Things we are reading today- 6th December, 2022: Consolidation in Fintech, Tax havens and tax loss, Residential real estate, Remittances, brain drain and more

More consolidation in Fintech?

Bux, a European rival to US retail brokerage Robinhood, has acquired the retail-trading arm of Spanish fintech startup Ninety Nine. Though the deal’s terms were not disclosed but the move marks ongoing consolidation in fintech.

Increasing tax losses on account of tax havens

The percentage of multinational profits shifted to tax havens increased from less than 2% in the 1970s to 37% in 2019, resulting in a tax loss of roughly €250 billion.

Because multinational profits themselves have been rising much faster than global profits, the fraction of global profits (multinational and non-multinational) shifted to tax havens has risen from 0.1% to about 7%. Consistent with these findings, we estimate that the corporate tax lost from global profit shifting has increased from less than 0.1% of corporate tax revenues in the 1970s to 10% in 2019. The tax loss is slightly higher than the fraction of profits shifted to tax havens globally because the marginal rate on shifted profits is higher than the average rate.

Thinking of investing in the housing sector?

One may be tempted to fall for the illusion of rising real estate prices but it makes sense to calculate the real increase in housing prices by subtracting the retail inflation rate from the increase in prices.

India touches $100 billion in remittances

India just became the first country to touch $100 billion in remittances. This is not necessarily a good thing. It is indicative of a brain drain as the number of high skilled and therefore highly paid workers are migrating in larger numbers.

Between January 2015 and September 2021, up to 8,81,254 people gave up their Indian citizenship. The trend accelerated post-pandemic after countries like Canada, New Zealand, Germany, and Ireland relaxed their immigration policies to attract skilled workers.

Such relocation has moved from the Arabian Gulf earlier, for often low-skilled and informal employment, to developed countries such as the US and UK for high-skilled jobs.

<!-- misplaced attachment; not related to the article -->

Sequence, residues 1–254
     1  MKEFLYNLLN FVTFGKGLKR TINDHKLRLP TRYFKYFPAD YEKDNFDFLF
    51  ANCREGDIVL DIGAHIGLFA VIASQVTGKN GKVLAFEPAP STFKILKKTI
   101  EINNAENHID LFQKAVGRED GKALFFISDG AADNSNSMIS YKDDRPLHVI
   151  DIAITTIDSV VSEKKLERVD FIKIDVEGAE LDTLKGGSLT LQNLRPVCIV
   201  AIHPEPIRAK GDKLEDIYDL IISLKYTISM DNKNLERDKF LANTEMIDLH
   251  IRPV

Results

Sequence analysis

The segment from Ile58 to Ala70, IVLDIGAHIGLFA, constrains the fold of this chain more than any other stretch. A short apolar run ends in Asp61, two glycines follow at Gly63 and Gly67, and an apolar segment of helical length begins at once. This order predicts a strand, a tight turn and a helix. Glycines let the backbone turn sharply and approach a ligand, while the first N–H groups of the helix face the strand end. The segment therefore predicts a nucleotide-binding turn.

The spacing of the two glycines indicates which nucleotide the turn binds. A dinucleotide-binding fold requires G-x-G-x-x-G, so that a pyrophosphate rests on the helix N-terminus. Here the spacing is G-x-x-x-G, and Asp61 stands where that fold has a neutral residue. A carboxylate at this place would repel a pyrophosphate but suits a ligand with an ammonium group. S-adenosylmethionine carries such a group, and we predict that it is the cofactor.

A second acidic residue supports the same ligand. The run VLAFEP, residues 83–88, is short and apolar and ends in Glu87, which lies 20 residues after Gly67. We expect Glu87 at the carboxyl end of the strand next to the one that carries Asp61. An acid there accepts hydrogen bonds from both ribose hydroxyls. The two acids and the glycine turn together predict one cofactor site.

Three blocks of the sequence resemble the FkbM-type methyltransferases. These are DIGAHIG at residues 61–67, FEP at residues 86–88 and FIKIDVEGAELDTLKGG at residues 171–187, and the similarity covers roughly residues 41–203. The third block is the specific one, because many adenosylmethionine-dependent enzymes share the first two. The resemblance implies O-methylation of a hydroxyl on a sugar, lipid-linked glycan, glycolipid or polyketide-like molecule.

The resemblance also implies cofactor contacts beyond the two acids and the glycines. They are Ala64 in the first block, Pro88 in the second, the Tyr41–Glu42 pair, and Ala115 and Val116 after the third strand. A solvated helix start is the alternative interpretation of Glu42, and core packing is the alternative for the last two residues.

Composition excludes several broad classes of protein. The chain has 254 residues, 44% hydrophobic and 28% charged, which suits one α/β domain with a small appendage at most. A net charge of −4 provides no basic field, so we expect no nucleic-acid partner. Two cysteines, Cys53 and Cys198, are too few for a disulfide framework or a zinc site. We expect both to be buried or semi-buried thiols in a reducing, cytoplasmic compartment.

In 2020-21, the US became the largest remitter to India due to large stimulus packages and wage hikes in that country during the pandemic months and after.

The structural shift in qualifications and destinations has accelerated growth in remittances tied to high-salaried jobs, especially in services.

Coinbase sees bond and equity prices fall

Could be just the market sentiment but both bonds and equity prices, for Coinbase, falling together isn’t a good sign.

Coinbase’s stock and bonds have been knocked by the collapse of FTX, which has sparked renewed concerns about the outlook for the US-listed cryptocurrency trading venue. Over the past month, Coinbase’s bonds maturing in 2028 have tumbled by about a tenth in price, with investors demanding an elevated 14 per cent yield to purchase the debt. The bonds are now priced at 59 cents on the dollar, a big discount compared with 93 cents at the start of 2022.

The failure of Sam Bankman-Fried’s $32bn crypto exchange has also rattled Coinbase’s equity valuation, with its Nasdaq-listed shares plummeting by about a fifth over the past four weeks to change hands at just under $48 apiece, after a small uptick on Friday. Coinbase’s stock, which traded at almost $369 at the height of the crypto bull run last November, is down 81 per cent for the year to date.

Fund Raising

SBM Bank India has catered to fintech startups while larger banks have generally avoided younger startups. It now seeks to raise between $50-75 million.


Currently, the opportunites for the highly skilled guys in india in terms of pay is not encouraging. The day it changes, we may see these smart folks coming back.

Till then, I guess its a good thing - growing soft power

Well said YS_Bhargav, but the scenario might be changing, especially in light of where long term growth will be maximised. There are signals indicating that a change might be coming. Please refer to the following: